Part the Eleventh—
“So put your rose colored glasses on / And party on”
—“Chained to the Rhythm,” Katy Perry
Obergruppenfuhrer John Smith was dressed meticulously in his Nazi uniform. He made sure, ever since the end of his engagement to Alexa—whoever she really was—that he projected an image of strength, precision, and vitality. Whenever anyone inquired about Alexa, he stated that she had been called to the Fatherland because of her extensive knowledge of the Pacific States. He had instructed Thomas to say the same thing.
When he arrived he was surprised, after Erich had saluted him, when his aide de camp followed him into his office and began to read off his itinerary to him.
“There is one addition,” Erich informed him. “You have two agents from the Imperial Embassy. They wish to speak to you on a matter of National Security.”
“Whose national security?” John asked as he set his files down on his desk and then put his briefcase aside. “Theirs or ours?”
“The aide I spoke to was particularly vague,” Erich apologized. “The Agents hoped to speak to you first thing this morning. They are waiting for you in a private room. I’m afraid that one will—” He paused, looking for words. “Cause comment. She already has, although there were few people here.”
John stilled. “Who is it?”
“I did not catch her name,” Erich apologized, “however she bears a striking resemblance to Miss Smith. In fact, I would state resolutely that they are the same person.”
Swearing under his breath, John looked up. “Escort Madam Kido and her companion in, Erich.”
Erich was clearly surprised by the name. He, undoubtedly, thought that Alexa was in the Fatherland—and John had just confirmed that not only was she most likely the woman waiting in the private room but she now possessed the name of a filthy yellow Jap.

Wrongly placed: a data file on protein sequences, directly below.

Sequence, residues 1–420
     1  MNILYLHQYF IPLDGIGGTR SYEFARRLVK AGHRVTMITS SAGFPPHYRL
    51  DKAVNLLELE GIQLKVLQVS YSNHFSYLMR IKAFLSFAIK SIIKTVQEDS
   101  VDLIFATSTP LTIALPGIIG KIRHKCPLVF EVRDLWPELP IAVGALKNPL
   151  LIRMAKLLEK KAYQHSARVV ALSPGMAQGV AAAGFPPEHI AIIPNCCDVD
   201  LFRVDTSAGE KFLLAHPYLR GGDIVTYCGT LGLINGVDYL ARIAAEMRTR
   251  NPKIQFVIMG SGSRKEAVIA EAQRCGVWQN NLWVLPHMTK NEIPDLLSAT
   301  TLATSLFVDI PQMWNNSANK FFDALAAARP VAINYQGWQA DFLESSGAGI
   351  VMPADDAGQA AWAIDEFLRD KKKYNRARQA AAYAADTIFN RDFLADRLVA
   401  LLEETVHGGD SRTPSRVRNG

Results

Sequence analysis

John didn’t have long to wait.
Alexa was as beautiful as always. He was surprised to see her wide trousers, the black fabric flowing smoothly around her legs, an oriental style shirt wrapped around her torso, coming long past her waist and tied securely by a yellow sash to the side. It was certainly the most peculiar fashion. Her hair was left down, though it was brushed over one shoulder, falling down and catching the light to bring out the red. Her lips were that strange red, as always.
The man was unimportant.
“Agents Hayato and Misaki,” Erich introduced as Alexa and the Japanese man who was wearing a pressed suit bowed.
John saluted them, his arm outstretched.
Immediately, everyone sat down around the couches and silence filled the room after Erich left. John split his attention between his two guests, noticing how different they were. A Japanese agent aping the Aryan and an Aryan woman imitating the Japanese. It was almost comical.
Finally, it was Alexa who spoke. “How are you, John? I hope Thomas is well?”